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Cirrus SR-22: Loss of Control and Collision with Terrain

A Cirrus SR-22 took off for a "Round-Robin" VFR slight near Calgary Alberta. After a touch-and-go at its initial destination, the aircraft began its return flight. But while en route, the aircraft stalled, spun, then entered a spiral dive and impacted the ground, killing all three occupants. The wreckage was then consumed by a post-crash fire.

Due to the near-vertical attitude, all wreckage was located with 60' of the point of impact. The severe post-crash fire consumed all but the tail, so there was very little information to be gleaned from flight instruments, etc. As a result, airframe failure or system malfunctions couldn't be ruled out conclusively. However, investigators were able to deduce that the engine had been running all the way to the ground and that both door latches were in the closed position on impact.

Weather was ruled out as a contributing factor as the conditions were C.A.V.U., with nothing more than a light breeze at the time of the crash. The pilot-in-command had a valid private pilot license in addition to instrument, multi-engine & night ratings. His total flight time was 567 hours of which 448 were in a Cirrus. The pilot had also taken a transition course in the SR-22, in addition to 50 hours of dual on his new aircraft and another 150 hours with an instructor to improve his skills and remain current. Not surprisingly, the pilot was described as "...competent and cautious in his approach to flying." The other two passengers on board were also pilots, and both had just become partners in the aircraft that day. The flight was more than likely intended to familiarize both new owners with their airplane.

Due to the all-consuming nature of the post-crash fire, investigators had to piece together the causes of the crash from other sources. One clue was an "oscillation" reported by witnesses after the aircraft's touch-and-go landing. As the Cirrus employs a unique control system consisting of a single yoke handle protruding from the left and right sides of the instrument panel, and as roll inputs are controlled by rotating the handle, there is a short adjustment period for pilots used to more conventional systems.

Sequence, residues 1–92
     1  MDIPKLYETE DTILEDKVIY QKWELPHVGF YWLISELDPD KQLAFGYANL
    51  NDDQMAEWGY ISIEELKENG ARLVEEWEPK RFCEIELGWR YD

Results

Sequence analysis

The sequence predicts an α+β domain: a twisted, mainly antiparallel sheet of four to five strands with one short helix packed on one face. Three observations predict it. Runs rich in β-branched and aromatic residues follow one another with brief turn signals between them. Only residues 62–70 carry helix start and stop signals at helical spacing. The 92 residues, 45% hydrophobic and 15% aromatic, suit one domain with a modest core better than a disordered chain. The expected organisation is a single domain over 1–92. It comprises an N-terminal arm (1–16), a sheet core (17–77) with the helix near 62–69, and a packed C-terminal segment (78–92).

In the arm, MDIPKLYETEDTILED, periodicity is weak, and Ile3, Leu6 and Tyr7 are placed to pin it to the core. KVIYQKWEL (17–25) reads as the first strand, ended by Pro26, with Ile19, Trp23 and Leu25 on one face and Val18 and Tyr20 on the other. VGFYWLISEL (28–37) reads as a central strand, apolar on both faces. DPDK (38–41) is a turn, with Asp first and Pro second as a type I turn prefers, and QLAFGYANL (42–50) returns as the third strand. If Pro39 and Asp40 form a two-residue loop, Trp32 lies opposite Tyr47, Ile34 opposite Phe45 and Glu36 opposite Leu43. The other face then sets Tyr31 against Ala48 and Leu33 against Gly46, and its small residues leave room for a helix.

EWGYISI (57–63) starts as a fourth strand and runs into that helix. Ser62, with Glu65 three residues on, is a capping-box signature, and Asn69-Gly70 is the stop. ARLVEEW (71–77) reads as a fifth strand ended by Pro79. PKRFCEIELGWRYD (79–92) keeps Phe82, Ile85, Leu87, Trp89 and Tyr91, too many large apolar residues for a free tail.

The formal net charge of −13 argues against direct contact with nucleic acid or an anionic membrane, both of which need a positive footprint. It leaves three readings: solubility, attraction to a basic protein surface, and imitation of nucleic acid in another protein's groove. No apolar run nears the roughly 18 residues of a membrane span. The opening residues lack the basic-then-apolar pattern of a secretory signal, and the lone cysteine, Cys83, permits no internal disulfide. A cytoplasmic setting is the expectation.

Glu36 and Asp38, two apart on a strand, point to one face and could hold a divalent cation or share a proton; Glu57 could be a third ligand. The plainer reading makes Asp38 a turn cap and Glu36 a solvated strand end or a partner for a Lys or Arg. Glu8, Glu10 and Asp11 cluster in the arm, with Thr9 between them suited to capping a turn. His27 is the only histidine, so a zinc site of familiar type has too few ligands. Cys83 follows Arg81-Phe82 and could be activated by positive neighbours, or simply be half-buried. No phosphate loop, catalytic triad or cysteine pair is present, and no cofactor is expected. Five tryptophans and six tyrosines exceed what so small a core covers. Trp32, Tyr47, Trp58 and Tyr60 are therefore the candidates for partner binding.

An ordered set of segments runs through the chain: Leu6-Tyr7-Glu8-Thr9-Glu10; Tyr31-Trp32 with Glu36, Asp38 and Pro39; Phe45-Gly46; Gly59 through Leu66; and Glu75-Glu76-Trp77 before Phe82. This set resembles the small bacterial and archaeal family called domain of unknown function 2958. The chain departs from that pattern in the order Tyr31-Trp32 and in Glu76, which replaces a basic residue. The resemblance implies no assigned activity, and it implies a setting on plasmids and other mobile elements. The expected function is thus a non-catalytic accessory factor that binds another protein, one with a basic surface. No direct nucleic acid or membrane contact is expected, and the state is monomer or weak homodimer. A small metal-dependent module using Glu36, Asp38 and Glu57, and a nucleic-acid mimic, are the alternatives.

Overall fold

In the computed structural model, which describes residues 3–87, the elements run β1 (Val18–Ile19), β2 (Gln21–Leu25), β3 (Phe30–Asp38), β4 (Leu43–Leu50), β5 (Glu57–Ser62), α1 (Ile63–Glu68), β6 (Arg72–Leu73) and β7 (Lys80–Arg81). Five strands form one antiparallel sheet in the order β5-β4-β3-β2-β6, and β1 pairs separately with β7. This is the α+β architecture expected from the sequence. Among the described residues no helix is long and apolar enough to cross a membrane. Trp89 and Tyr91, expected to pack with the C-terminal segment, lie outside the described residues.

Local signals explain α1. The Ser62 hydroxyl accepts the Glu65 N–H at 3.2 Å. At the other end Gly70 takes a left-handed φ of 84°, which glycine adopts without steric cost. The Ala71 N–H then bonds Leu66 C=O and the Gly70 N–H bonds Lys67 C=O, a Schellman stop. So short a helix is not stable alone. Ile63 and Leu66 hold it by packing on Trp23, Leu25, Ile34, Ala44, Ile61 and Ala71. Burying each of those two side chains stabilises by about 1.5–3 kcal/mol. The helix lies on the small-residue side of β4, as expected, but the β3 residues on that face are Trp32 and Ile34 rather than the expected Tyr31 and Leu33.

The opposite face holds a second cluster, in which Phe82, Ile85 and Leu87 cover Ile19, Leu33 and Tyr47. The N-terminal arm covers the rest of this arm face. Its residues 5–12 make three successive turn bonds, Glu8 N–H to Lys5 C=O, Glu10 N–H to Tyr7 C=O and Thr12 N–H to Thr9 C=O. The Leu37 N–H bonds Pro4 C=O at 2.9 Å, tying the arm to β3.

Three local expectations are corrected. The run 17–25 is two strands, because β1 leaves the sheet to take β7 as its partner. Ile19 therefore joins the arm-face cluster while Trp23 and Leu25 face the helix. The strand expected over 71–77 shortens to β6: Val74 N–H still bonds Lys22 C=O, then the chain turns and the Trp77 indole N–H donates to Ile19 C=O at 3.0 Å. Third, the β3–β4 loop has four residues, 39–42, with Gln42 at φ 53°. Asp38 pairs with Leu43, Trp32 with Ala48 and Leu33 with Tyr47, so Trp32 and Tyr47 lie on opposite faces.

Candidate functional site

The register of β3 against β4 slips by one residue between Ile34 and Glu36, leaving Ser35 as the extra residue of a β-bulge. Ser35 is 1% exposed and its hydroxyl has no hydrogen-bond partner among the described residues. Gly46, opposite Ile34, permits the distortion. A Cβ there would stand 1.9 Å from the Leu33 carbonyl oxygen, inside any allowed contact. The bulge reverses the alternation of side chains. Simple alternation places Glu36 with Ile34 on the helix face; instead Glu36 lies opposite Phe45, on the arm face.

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And as this was the first flight for both new owners, it is reasonable to assume that the right seat "passenger" may have been flying the plane when the incident occurred. (The post-landing "oscillation" is another indication that this may have been the case.) If this is what happened, it is again feasible that the stall and ensuing spin were caused by the inexperienced right-seat passenger over-correcting the distinctive Cirrus controls.

The saddest part of this tragedy is that the Cirrus was equipped with a rocket-powered Airframe Parachute System. And as the Cirrus "...is not approved for spins and has not been tested or certified for spin recovery characteristics, the only approved and demonstrated method of spin recovery is activation of the Cirrus Airframe Parachute System. Because of this, if the aircraft departs controlled flight, the CAPS must be deployed."

The aircraft appears to have entered its spin about 1,600' above ground, which was more than sufficient for the CAPS to have been deployed. However, the pilot opted not to fire the parachute system and appears to have attempted a normal spin recovery, which degenerated into a spiral dive. There were some indications that a recovery had been successfully achieved, however during the attempt at a pull-out, the aircraft struck the ground at high speed.

What lessons can be learned from this tragedy? We may all have been tempted to let our right-seat passengers "try the controls" from time to time, but in this case that decision – if made – may have led directly to the subsequent crash.

As for the decision not to use the ballistic parachute ... while probably made thinking the procedure might damage the aircraft in some manner, whomever was at the controls forgot that the Airframe Parachute System is the only approved manner for recovering from spins in a Cirrus.

The tragic end to this flight only serves to prove the truth of this critical part of the Cirrus Aircraft's certification.

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